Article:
Dear Book Lovers, Welcome! I am delighted that you have found The Through the Looking Glass blog. For over twenty years I reviewed children's literature titles for my online journal, which came out six times a year. Every book review written for that publication can be found on the Through the Looking Glass website (the link is below). I am now moving in a different direction, though the columns that I write are still book-centric. Instead of writing reviews, I'm offering you columns on topics that have been inspired by wonderful books that I have read. I tell you about the books in question, and describe how they have have impacted me. This may sound peculiar to some of you, but the books that I tend to choose are ones that resonate with me on some level. Therefore, when I read the last page and close the covers, I am not quite the same person that I was when first I started reading the book. The shift in my perspective might be miniscule, but it is still there. The books I am looking are both about adult and children's titles. Some of the children's titles will appeal to adults, while others will not. Some of the adult titles will appeal to younger readers, particularly those who are eager to expand their horizons.

Friday, August 27, 2010

Open the Gates: Poems for Young Readers - A review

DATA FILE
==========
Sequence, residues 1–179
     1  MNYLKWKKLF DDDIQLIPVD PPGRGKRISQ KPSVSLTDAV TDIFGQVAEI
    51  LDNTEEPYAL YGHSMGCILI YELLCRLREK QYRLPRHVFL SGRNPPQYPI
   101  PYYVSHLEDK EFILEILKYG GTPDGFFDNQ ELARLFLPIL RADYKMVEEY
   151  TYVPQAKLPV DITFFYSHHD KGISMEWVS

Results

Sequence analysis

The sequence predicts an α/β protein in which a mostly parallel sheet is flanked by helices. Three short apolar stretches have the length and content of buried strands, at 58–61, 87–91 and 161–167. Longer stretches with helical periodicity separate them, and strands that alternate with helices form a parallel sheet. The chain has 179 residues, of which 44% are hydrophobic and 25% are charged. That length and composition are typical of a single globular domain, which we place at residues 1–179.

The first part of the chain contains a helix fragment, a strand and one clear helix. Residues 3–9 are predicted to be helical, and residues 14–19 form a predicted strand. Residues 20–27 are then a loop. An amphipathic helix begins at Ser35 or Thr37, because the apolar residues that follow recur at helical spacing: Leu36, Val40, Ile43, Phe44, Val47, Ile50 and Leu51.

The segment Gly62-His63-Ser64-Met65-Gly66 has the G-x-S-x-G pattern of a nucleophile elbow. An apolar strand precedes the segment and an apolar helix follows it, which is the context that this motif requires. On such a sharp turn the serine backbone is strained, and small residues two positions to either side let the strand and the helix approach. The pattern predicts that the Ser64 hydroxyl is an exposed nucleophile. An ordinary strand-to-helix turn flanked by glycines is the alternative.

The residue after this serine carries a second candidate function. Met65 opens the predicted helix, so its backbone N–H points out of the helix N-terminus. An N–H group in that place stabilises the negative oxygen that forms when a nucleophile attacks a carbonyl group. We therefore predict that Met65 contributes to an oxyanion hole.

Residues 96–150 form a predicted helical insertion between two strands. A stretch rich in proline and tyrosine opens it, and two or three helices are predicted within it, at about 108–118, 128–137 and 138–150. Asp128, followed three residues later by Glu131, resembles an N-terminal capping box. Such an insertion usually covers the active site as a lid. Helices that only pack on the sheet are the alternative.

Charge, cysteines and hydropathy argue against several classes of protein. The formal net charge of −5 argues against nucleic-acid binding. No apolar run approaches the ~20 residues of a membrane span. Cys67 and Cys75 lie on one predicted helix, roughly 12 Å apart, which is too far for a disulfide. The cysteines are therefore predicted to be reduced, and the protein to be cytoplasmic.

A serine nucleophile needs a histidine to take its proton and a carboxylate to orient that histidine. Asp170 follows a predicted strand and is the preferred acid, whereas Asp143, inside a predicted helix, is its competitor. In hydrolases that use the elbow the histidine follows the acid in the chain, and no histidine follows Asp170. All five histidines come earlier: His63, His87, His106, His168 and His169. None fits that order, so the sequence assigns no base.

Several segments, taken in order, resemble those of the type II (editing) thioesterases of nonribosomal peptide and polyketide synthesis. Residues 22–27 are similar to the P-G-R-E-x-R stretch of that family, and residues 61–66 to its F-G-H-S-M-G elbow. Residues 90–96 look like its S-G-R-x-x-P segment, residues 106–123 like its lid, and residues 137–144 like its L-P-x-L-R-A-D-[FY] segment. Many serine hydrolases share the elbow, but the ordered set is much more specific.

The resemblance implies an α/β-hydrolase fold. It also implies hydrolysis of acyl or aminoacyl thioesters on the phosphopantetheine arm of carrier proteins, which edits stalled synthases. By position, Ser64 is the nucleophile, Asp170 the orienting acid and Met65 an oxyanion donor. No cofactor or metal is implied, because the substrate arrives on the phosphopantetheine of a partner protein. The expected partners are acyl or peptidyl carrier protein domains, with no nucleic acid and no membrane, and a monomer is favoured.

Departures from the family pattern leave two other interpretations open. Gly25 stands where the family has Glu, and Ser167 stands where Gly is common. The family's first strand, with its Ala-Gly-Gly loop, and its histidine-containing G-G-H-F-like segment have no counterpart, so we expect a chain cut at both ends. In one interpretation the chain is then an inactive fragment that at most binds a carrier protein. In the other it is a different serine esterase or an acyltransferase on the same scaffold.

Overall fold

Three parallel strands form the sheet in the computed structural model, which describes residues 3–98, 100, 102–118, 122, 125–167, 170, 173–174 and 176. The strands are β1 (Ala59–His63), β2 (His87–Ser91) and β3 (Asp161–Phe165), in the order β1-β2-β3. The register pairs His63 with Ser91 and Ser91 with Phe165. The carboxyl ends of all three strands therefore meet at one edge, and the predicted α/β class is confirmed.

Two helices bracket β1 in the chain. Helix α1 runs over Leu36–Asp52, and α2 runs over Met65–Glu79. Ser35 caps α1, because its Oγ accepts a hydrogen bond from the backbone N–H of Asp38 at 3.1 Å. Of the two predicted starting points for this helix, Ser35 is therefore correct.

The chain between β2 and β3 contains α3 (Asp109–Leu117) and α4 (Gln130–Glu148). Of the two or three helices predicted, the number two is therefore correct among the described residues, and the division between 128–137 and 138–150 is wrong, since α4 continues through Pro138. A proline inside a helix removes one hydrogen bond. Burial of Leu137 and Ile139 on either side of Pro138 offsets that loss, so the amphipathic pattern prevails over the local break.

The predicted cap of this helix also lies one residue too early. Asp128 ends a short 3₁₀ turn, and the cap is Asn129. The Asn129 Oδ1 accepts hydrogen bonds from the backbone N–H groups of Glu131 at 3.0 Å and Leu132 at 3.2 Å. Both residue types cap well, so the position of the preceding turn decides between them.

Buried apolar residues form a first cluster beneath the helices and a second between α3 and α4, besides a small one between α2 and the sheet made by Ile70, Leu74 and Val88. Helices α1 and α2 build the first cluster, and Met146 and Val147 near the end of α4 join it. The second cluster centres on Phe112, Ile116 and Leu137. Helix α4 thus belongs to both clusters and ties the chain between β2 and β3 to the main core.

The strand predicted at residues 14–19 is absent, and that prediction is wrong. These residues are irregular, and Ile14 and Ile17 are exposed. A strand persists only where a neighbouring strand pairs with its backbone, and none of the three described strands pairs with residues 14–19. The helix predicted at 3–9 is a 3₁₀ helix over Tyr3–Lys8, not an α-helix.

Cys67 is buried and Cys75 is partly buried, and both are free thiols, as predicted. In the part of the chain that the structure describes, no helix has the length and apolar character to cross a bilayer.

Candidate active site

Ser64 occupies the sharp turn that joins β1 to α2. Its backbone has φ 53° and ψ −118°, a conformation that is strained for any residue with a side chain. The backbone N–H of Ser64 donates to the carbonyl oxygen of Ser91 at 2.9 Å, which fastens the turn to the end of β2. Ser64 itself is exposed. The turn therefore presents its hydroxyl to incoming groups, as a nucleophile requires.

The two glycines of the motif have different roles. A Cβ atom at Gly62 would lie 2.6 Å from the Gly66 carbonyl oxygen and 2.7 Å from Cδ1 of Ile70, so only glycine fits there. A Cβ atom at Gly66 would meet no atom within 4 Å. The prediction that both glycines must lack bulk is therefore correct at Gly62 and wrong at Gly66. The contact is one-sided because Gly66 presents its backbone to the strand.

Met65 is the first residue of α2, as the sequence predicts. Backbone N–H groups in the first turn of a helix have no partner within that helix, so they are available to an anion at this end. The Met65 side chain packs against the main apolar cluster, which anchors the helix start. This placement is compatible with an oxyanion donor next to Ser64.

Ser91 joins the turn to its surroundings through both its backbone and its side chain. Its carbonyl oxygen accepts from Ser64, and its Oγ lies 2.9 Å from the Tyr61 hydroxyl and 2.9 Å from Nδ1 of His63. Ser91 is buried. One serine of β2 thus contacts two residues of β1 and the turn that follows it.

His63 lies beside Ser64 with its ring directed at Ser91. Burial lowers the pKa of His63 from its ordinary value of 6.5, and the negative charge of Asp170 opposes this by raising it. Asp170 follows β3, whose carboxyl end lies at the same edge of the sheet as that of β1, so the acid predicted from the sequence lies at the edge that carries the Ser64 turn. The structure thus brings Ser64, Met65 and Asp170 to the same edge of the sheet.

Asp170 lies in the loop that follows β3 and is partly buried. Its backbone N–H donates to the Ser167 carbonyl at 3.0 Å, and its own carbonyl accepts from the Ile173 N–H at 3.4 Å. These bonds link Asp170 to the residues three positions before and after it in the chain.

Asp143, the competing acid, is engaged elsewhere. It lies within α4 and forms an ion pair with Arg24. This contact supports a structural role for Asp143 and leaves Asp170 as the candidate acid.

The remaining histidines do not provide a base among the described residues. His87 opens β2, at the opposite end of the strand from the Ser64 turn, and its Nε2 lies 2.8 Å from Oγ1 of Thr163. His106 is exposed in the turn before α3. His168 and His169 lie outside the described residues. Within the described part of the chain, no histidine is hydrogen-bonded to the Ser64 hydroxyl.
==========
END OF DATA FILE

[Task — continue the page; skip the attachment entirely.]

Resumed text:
For this Poetry Friday I have a review of a book that I read and reviewed just a few days ago. This collection will appeal to young readers who have a fondness for animals.

Dabney Stuart
Illustrated by Susan E. Elliott
Ages 6 to 10
Pinyon Publishing, 2010, 978-0-9821561-6-2
   Have you ever wondered what it would be like to be a giraffe? What would it be like to live in “a world of sky and trees?” High above our heads a giraffe “in the dappling sun” munches on leaves, her head “up there in her weave/ of sky and leaves.”
   As you watch a bumblebee buzzing around a flower you might wonder if these busy little creatures “fumble,” “bumble,” “mumble,” or “tumble.” Are they as clumsy as their name suggests? They certainly work hard enough, and they seem very efficient as they fly from flower to flower. Could it be that their name really does not suit them after all?
   If you watch an armadillo, it looks as if it is slow. It seems to “wallow” under the weight of its heavy protective covering. Appearances can be deceiving though. Armadillos are actually quick on their feet, and woe betide any insect who happens to walk into an armadillo’s path. It will soon end up as armadillo food.
   For this excellent collection of poems, Dabney Stuart explores a colorful collection of animals. We read about koalas, whales, a dove, groundhogs, newts, and many more creatures of all kinds. With humor, delightful details, and interesting connections, the author paints pictures in words. Young readers are sure to enjoy the different poetry forms that they will encounter in this book, and they are sure to become fond of at least one animal that is mentioned in this poetical menagerie. 

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